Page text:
Here is the Skinny on the Bugatti Chiron
Automologist MAC is under pressure to get this car…by his sons. Happy Father’s Day, MAC.
In my household, there is but one car that should be parked in the carport, according to my two sons that is. That car is of course the Bugatti Chiron.
“Why is that?” I often ask, to which the answer comes “Coz it is the fastest in the world, Daddy”.
So, here it is, some quick facts about the Bugatti Chiron…just so my kids know that I am a cool daddy after all.
The Chiron is arguably the fastest production car in the world. In theory, the Chiron has a top speed of about 480 kph, but in the interest of safety, this is limited to 420 kph; the speedo goes up to 500 kph though. The car is the follow-on from the Veyron and was named after legendary race driver, Louis Chiron, who lived from 1899 until 1979:
The man, the legend
Power comes from a W16 engine, which is like having two V8’s strapped to each other in a W format. It is capable of producing 1,479 bhp and 1,180 lb-ft of torque, which is rather a lot, and will power the Chiron to 100 kph in about 2.5 seconds and up to 200 kph in mere 6.5 seconds. If that is not enough, then you can go on to 300 kph from a standing start in just 13.6 seconds. The actual displacement is eight litres and the engine is covered by ten radiators that require three water pumps to circulate all that water to keep it cool.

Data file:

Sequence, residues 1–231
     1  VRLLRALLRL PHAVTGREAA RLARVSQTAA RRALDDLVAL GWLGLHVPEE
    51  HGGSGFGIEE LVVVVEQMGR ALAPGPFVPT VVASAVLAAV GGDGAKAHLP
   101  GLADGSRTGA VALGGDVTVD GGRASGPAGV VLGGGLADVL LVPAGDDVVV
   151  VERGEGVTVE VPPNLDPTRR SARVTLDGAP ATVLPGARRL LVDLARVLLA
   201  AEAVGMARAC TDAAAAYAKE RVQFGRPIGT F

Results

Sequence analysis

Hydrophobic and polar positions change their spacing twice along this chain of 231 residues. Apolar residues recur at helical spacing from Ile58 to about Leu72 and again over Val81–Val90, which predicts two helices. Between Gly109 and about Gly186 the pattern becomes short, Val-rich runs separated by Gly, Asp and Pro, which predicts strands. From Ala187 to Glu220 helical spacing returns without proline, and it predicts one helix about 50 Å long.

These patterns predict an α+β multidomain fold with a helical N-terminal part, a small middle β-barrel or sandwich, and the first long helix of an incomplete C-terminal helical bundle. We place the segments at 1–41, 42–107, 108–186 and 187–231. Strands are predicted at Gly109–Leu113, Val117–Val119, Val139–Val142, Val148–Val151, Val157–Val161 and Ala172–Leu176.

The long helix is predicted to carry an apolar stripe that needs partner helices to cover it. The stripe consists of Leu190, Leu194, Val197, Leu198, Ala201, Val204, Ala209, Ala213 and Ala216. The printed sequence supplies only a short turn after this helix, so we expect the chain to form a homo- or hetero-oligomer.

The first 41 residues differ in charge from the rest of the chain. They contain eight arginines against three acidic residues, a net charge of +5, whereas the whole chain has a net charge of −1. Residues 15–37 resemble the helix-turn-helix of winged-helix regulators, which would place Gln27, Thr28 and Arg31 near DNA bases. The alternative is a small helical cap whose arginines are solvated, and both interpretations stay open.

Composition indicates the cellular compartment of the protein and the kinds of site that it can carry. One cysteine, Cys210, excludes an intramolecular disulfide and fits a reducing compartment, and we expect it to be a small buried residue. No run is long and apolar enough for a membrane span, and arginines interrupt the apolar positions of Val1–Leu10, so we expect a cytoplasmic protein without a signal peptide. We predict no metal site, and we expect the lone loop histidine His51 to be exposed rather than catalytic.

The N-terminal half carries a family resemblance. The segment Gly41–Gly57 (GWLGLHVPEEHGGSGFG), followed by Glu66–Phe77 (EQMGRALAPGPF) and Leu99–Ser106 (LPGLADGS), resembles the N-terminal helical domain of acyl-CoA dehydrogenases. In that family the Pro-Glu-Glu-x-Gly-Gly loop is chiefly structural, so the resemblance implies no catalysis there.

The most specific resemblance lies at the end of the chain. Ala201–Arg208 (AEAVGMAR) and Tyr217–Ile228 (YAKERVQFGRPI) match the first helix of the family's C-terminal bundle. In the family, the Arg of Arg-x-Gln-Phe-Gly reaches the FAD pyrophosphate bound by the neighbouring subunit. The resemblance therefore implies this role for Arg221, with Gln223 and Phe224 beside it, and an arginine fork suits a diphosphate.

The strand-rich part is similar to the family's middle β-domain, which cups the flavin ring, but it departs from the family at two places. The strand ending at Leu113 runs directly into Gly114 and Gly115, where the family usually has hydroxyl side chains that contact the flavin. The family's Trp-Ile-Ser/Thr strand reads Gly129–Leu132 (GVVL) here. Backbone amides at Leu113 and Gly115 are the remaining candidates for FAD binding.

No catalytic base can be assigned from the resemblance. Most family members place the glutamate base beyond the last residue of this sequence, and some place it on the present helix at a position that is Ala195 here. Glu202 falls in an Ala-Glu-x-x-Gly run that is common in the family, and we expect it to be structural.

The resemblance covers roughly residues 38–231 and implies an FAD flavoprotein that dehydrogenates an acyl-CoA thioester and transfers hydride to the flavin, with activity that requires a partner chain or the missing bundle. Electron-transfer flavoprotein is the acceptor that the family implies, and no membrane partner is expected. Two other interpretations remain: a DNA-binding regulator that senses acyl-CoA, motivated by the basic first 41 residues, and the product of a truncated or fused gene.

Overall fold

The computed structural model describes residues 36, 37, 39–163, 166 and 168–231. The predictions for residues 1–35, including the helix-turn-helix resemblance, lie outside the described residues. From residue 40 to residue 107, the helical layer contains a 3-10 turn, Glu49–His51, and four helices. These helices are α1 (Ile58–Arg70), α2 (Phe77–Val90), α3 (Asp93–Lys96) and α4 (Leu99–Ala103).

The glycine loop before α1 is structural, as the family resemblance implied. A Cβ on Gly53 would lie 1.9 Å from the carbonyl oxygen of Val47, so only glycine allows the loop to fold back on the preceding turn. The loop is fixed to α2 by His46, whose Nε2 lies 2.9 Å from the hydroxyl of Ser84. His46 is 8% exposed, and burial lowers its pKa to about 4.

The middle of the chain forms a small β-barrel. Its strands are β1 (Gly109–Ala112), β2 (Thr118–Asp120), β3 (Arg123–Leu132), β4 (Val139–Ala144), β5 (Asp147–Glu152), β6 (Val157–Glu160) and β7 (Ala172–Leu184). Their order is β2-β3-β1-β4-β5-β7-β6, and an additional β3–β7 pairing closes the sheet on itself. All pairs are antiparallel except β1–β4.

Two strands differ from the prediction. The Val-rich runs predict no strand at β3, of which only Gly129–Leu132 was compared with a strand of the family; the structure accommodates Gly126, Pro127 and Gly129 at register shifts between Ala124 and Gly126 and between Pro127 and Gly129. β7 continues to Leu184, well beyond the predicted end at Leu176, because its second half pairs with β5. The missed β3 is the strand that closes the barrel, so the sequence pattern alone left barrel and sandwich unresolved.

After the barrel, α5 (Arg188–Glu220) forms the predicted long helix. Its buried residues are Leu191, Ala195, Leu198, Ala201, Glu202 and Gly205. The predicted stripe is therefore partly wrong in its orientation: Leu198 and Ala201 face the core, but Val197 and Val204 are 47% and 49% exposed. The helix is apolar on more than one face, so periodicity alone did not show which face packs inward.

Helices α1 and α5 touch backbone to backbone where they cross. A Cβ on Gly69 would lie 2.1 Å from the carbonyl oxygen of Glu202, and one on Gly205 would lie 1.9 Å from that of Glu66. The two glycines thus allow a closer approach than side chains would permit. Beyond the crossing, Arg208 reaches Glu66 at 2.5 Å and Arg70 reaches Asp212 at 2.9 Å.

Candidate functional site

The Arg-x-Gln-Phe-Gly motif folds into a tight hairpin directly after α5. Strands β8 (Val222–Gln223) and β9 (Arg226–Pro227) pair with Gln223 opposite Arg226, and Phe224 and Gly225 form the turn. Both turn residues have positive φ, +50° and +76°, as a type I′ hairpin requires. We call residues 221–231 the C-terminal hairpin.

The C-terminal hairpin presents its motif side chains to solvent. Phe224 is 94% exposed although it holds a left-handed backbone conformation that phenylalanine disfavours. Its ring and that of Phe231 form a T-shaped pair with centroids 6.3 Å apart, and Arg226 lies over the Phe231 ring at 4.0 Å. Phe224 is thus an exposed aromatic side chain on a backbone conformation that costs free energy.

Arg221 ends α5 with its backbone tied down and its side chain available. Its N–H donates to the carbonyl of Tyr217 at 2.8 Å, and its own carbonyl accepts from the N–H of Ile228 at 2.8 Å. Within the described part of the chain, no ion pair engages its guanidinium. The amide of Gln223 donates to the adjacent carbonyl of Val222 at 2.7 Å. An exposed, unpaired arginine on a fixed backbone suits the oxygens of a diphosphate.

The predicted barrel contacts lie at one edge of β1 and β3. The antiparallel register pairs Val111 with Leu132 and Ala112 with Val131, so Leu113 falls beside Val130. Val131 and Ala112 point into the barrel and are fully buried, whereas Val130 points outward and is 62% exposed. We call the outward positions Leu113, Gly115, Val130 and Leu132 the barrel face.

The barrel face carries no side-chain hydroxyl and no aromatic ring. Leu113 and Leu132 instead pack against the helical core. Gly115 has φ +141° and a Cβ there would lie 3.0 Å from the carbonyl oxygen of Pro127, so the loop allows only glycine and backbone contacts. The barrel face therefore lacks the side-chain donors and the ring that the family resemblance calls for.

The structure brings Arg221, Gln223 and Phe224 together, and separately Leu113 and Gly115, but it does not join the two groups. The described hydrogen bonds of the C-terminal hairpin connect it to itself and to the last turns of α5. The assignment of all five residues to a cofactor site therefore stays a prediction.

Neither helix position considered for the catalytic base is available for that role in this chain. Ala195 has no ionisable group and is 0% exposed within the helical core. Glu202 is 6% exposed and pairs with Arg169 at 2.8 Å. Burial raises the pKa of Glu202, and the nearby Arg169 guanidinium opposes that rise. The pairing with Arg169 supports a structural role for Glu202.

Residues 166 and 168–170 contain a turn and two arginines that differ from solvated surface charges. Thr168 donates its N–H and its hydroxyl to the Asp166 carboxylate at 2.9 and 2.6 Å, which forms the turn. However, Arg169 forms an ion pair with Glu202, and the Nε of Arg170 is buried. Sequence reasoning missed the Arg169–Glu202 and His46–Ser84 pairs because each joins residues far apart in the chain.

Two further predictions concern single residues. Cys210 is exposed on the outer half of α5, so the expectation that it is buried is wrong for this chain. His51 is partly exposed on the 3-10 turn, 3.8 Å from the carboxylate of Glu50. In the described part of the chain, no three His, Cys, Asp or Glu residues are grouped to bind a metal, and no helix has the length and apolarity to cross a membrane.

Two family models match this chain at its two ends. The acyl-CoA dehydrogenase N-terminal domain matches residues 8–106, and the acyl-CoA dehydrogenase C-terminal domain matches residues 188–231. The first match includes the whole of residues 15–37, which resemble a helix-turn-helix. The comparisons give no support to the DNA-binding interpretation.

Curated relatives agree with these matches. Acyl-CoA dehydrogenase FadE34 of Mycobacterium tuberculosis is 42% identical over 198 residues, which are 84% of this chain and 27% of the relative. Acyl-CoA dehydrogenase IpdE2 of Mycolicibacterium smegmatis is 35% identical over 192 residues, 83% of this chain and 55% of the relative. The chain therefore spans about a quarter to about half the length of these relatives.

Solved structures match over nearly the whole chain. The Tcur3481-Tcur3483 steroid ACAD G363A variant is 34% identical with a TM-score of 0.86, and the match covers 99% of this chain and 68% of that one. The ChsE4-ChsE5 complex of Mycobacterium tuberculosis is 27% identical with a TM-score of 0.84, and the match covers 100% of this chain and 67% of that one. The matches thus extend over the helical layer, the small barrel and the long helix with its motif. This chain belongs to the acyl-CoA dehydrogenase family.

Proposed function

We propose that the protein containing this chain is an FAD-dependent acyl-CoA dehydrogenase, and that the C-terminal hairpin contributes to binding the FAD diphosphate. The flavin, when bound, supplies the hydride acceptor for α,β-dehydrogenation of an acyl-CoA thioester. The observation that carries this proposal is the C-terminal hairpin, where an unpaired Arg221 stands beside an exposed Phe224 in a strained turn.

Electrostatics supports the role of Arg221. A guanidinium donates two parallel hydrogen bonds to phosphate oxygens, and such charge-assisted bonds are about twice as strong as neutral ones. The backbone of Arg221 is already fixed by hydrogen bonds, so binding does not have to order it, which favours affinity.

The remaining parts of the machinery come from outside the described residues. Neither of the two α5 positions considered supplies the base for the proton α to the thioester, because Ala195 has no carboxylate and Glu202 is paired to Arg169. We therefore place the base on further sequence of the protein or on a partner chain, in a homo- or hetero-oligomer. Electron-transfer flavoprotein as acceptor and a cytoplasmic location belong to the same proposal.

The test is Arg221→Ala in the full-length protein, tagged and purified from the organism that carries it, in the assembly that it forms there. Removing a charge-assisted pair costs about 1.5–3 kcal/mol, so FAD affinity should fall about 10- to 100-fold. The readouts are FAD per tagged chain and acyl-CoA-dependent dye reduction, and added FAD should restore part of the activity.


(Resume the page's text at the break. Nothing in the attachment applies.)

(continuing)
The car has a total of four turbo chargers and 32 fuel injectors, which enable it to consume its entire tank of 100 litres in just seven minutes. IF that is not impressive enough, it sucks in up to 60,000 litres of air a minute – to give you an indication, the average person has just a six-litre lung capacity. Officially, the fuel economy figures rates it at 35 litres per hundred kilometres, but I bet no one ever achieves those sort of numbers.
Getting all that power down to the seven-speed gearbox in any of the five drive modes means that the Chiron has the largest clutch of any road car, ever. It is also a four-wheel-drive car and weighs in at just 1,995 kilos. The tyres are specially engineered to withstand 3,800G, which sounds like a lot to me.
One of the drive modes is the ‘lift mode’, which actually lifts the suspension for those times when you just want to go slow. Then there is the autobahn mode for comfy cruising and the range-topping ‘top-speed’ mode that needs an extra key to activate it, but like I mentioned above, you only get seven minutes of this before you have to refuel. Of course, if you cannot decide which is best, then you can leave it in ‘auto mode’ and the car will decide.
The Chiron has six exhausts that are configured to form a blown diffuser, and keeping the exhaust fumes breathable is achieved by having six catalytic converters that can scrub 230,266 square metres, and all in a car in which the boot can hold just 44 litres of luggage. If you have a spot of bother with the car, Bugatti will have a team of ‘Flying Doctors’ sent out to you who are capable of servicing the car anywhere in the world, apparently.
There will only be 500 Chiron’s made and if you want one, you had better hurry as the order book was already half full as of April 2017.